NASA Weighed the Wind Billowing Out of the Cigar Galaxy, and It's Unbelievably Massive

cigar galaxy wind
The wind created by new stars in the Cigar Galaxy (shown in red) is so strong it’s dragging the whole galaxy’s magnetic field deep into space. (Image credit: NASA/SOFIA/E. Lopez-Rodriguez; NASA/Spitzer/J. Moustakas et al.)

Hanging over the scruff of Ursa Major's neck some 12 million light-years from Earth, a cluster of young stars known as the Cigar Galaxy is puffing epic amounts of wind into deep space.

This intergalactic stogie isn't just blowing hot air. The Cigar Galaxy is a starburst galaxy, meaning new stars are born in its action-packed center remarkably quickly — at least 10 times faster than in the Milky Way, according to NASA. In order to grow, all those bright young fireballs eject gargantuan amounts of gas and dust into space, taking the form of an incredibly powerful galactic wind that could help transmit the building blocks of galaxies to distant parts of the universe. [Spaced Out! 101 Astronomy Images That Will Blow Your Mind]

In a study published Jan. 4 in The Astrophysical Journal Letters, NASA scientists weighed that wind to better understand how gas and dust — two ingredients for making newborn stars — enter into extragalactic space and influence the formation of new galaxies. Using an airborne infrared telescope, the astronomers counted pixels of dust in the faraway galaxy to estimate that roughly 50 million to 60 million suns' worth of mass were caught up in the Cigar Galaxy's mighty celestial wind.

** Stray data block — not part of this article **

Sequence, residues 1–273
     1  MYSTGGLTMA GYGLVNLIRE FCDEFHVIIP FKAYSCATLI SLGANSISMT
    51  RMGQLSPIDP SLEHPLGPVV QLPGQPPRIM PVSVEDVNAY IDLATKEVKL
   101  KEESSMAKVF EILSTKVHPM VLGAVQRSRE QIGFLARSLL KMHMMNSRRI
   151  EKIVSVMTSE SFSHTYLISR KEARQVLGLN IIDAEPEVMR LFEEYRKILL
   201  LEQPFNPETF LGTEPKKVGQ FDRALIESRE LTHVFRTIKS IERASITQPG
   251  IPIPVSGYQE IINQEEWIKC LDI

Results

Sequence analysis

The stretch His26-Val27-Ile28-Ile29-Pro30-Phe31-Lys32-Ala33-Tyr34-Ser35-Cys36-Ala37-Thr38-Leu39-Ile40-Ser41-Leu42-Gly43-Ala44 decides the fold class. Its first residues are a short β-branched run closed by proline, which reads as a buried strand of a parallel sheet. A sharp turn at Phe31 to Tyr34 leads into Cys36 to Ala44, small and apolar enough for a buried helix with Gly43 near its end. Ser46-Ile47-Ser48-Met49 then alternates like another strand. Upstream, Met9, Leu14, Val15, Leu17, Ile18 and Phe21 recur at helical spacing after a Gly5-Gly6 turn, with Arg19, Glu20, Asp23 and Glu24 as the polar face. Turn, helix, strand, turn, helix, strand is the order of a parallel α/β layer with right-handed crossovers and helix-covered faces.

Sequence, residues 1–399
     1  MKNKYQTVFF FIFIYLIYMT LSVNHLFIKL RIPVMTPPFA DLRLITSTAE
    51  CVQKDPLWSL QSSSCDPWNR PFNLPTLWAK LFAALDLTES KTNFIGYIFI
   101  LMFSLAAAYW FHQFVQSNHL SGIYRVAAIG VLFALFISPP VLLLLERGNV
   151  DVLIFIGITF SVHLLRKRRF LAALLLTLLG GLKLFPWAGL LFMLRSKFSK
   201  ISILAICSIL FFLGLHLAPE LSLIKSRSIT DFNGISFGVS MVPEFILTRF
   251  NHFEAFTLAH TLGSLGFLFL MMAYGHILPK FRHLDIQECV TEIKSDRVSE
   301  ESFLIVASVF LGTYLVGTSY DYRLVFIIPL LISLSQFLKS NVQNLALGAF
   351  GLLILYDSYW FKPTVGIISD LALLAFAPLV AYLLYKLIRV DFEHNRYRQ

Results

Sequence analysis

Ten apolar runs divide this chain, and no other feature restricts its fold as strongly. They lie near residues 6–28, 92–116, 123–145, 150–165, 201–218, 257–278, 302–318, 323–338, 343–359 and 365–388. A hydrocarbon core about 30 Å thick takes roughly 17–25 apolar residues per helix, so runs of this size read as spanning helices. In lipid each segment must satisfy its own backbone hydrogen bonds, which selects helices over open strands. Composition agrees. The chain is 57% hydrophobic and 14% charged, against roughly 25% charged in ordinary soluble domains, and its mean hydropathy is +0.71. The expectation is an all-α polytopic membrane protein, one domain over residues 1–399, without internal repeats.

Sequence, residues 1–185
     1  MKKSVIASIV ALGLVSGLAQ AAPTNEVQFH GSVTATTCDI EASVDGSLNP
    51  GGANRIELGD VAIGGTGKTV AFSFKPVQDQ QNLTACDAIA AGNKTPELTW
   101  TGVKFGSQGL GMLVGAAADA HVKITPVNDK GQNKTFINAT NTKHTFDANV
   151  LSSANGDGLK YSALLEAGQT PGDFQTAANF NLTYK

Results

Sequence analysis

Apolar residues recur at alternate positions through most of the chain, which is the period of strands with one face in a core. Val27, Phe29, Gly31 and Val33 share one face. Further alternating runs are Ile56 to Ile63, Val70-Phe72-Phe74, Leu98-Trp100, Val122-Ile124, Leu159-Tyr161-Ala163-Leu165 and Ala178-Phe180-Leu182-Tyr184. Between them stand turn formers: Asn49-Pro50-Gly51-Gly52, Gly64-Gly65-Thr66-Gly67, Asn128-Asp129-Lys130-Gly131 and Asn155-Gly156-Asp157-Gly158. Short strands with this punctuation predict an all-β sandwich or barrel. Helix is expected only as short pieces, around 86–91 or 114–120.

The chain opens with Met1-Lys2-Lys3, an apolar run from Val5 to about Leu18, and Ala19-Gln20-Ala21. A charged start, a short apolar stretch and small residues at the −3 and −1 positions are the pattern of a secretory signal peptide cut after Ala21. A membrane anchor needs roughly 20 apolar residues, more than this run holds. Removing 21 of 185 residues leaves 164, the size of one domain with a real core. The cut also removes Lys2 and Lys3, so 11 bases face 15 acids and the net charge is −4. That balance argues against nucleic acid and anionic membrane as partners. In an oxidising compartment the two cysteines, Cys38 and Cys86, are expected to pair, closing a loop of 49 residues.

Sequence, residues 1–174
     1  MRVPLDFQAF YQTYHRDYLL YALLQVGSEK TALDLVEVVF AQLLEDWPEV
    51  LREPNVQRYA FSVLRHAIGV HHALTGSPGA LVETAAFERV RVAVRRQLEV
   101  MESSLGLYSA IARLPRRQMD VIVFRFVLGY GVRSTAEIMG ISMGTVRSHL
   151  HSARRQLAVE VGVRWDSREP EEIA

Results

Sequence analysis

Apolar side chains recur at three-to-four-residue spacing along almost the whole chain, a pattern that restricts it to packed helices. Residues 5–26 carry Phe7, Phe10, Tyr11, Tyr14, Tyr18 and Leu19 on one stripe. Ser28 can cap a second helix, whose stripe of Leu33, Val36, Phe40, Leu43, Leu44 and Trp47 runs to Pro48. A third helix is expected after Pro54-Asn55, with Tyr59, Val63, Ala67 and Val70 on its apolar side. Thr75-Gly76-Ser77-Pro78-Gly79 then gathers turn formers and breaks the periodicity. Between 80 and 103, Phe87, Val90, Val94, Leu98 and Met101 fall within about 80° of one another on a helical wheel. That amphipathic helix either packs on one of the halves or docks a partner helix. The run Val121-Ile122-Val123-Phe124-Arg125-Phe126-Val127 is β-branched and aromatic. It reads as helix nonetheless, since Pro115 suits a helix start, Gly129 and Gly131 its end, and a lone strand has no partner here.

That's a lot of gas and dust — and according to the new study, it was all aligned on the galaxy's magnetic field lines, which were also being dragged by the wind thousands of light-years into outer space. This marks the first observational evidence that massive galactic winds can actually pull a galaxy's magnetic field along with it, the researchers said.

"One of the main objectives of this research was to evaluate how efficiently the galactic wind can drag along the magnetic field," study co-author Enrique Lopez-Rodriguez, a Universities Space Research Association scientist, said in a statement. "We did not expect to find the magnetic field to be aligned with the wind over such a large area."

According to the researchers, these results suggest that the powerful winds gushing out of busy, star-forming centers like the Cigar Galaxy could be one of the chief mechanisms that spread stellar ingredients into undeveloped regions of space, along with a magnetic field to help shape them. Further study of the Cigar Galaxy — which is the closest starburst galaxy to Earth — could help astronomers understand the earliest galaxy formations at the start of the universe.

Originally published on Live Science.

Brandon Specktor

Brandon is the space/physics editor at Live Science. His writing has appeared in The Washington Post, Reader's Digest,, the Richard Dawkins Foundation website and other outlets. He holds a bachelor's degree in creative writing from the University of Arizona, with minors in journalism and media arts. He enjoys writing most about space, geoscience and the mysteries of the universe.